If you look at Google Maps using the beta cycling tab, Melbourne becomes a network of dark green, of cycle tracks spreading out from the city and criss-crossing the suburbs.
The paths wind around the rivers and creeks, then settle abruptly into the grids of the inner suburbs. There is something tantalising about maps, and Google by bike is no exception.
In green, the map of Melbourne suggests a different city – a whole new world, one that I started exploring in earnest in winter last year. Now that I know I’ll be leaving Melbourne in the coming months, I’m very glad I began when I did.
Cycling for me began with tentative forays along the bike paths that fringe the Yarra near where I live. I spent time getting lost on dirt tracks or riding up unnecessary hills because I took the long way by mistake. I discovered the errors of Google – such as the presence of safe cycle lanes on the map where there are none in real life – and the gaps in the network of green where there is no easy way of getting from one lovely cycle path to another.
If I found myself too far from home in those early cycling days, getting back seemed like a mission. My legs grew tired and I would doubt my ambition and my ability; doubt that it would ever be possible to discover this city by bike. Roads were daunting; the news stories of cyclists killed in traffic always popped into my mind.
But then one day we rode to my workplace. We left nice and early in case of getting lost and took the long way around the river to avoid busy roads. We were worn out before we were half way there. But we made it and it was worth it for the sweetest part at the end – riding up to the front of the University.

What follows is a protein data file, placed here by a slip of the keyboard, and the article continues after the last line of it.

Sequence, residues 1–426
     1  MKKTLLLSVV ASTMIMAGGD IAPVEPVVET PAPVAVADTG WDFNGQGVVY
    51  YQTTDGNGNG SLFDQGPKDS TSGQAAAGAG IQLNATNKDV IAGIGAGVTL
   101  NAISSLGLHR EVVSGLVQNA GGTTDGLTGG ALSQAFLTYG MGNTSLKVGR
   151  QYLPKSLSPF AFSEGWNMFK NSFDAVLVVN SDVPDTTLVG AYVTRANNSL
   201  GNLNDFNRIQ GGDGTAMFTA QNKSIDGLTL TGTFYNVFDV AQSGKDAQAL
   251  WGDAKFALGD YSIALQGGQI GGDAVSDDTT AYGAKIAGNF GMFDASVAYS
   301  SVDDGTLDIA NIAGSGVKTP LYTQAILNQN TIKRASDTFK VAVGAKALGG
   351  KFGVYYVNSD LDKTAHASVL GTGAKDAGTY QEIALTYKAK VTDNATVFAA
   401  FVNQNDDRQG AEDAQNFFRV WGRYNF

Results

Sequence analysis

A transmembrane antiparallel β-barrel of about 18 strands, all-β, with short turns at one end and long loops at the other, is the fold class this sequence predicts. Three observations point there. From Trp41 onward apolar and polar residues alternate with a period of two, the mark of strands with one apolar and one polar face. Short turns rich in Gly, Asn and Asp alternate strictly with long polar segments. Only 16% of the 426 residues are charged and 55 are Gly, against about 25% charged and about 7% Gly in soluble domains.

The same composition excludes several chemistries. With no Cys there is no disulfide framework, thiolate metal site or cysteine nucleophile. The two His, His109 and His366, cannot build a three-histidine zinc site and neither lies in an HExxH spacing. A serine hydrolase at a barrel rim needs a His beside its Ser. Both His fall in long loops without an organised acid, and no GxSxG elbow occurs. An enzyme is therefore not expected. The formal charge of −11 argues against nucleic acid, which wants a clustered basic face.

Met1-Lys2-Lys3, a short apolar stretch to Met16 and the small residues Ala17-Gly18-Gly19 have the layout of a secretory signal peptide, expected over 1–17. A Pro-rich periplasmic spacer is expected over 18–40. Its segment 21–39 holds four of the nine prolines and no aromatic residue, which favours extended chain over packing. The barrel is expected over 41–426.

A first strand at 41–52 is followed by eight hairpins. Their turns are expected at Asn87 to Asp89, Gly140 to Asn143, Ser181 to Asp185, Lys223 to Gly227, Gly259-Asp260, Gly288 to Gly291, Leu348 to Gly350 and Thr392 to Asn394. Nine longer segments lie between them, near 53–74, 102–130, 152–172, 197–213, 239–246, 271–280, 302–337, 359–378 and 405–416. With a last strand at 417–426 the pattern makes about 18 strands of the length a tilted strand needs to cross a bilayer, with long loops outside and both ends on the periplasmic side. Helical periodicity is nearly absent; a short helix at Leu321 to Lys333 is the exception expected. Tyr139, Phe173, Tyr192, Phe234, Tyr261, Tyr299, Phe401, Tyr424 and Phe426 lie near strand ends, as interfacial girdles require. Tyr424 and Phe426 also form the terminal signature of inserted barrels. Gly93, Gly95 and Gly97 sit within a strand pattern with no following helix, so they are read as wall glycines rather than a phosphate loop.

In many ways it was momentous: that ride changed my perception of space, time and distance by bike. The next time I rode to work, I did so alone and with less caution – I took a quicker route across the river, following another cyclist to navigate the bridge and the bike lanes on the highway.
Since then riding has become a regular thing. It isn’t easy and perhaps never will be, but most of the time it’s more fun than hard – the positives outweigh the negatives. Since that first ride to work, I’ve taken my bike on the train, I’ve tried riding a road bike, I’ve ridden in the CBD and I’ve ridden 45k in a day.
All these feats are nothing for those who ride all the time, yet daunting for those who, like me six months ago, had only ever ridden a few k on the local bike track or been mountain biking as a teenager.
Cycling is accessible yet oddly terrifying; challenging yet surprisingly easy once you find your feet – or your wheels, in this case.
I’m on a countdown now: I’m planning to leave Melbourne in a few months’ time. Suddenly my exploration of Melbourne by bike has become a project of some urgency – just has writing about Melbourne, both on my blog and off.
Where I ride and what I write will always depend on place – and so it seems vital to ride and write while I can, in this place, before the next journey that takes me back to the west.